Deformation behavior in Highly Nano-Twinned Cu
Dr. Andrea Hodge
Department of Aerospace and Mechanical Engineering
University of Southern California
The ductility and plastic flow behavior of highly aligned nanotwinned copper produced by interrupted magnetron sputtering is presented. Tensile tests were performed at various strain rates at both room and liquid nitrogen temperatures. Higher ductility and strength are reported for all samples tested at 77K. The observed inhomogeneous deformation and shear band propagation are discussed as a function of the testing temperature, decreasing heat capacity at 77K and the low initial dislocation density which leads to a yield peak. Uniformly distributed mobile dislocations introduced by rolling to 20% reduction in thickness eliminated the yield point at both temperatures. The experimental observations clearly demonstrate that the observed yield-point behavior is a direct result of the very low initial dislocation density in these sputtered films as expected for ‘‘ideal” nanoscale microstructural materials.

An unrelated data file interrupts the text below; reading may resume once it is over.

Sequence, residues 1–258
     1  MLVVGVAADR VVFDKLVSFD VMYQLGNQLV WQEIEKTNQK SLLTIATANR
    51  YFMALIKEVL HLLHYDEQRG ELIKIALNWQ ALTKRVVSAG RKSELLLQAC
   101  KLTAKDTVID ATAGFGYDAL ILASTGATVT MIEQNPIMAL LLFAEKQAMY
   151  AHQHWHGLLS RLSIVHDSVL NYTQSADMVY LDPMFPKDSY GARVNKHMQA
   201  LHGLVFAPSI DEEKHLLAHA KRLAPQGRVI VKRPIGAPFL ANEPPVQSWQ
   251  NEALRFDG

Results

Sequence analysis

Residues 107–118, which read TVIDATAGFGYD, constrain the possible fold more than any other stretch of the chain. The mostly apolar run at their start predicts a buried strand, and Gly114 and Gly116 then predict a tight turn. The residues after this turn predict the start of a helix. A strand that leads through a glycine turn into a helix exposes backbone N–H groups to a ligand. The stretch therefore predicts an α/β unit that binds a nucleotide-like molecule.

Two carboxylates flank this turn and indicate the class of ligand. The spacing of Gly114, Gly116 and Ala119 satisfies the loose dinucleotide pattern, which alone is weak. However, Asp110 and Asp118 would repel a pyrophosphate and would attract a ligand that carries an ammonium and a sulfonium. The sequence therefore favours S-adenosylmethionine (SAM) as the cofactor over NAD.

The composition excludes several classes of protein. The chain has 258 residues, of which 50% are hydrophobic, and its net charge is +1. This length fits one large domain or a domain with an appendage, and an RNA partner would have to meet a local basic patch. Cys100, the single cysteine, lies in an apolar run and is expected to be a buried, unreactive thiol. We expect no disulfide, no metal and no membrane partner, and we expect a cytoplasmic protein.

Dr. Andrea Hodge is the Philip and Cayley MacDonald Early Career Chair and assistant professor in the Aerospace and mechanical engineering department with a joint appointment in the Chemical and Materials Science Department. Prior to her academia position she worked at Lawrence Livermore National Laboratory as a Staff Scientist from 2004 to 2007 and as a postdoctoral fellow from 2002-2004. She received her Ph.D. in Materials Science from Northwestern University in December 2002.Professor Hodge leads the Materials Nanotechnology group at USC which includes a physical vapor deposition processing lab and a nanomechanics lab. She received the TMS Young Leader Award in 2004, NSF CAREER award in 2010 and a Senior Fellow Alexander von Humboldt Fellowship in 2011. Professor Hodge has co-authored over 50 peer-reviewed publications and a book chapter.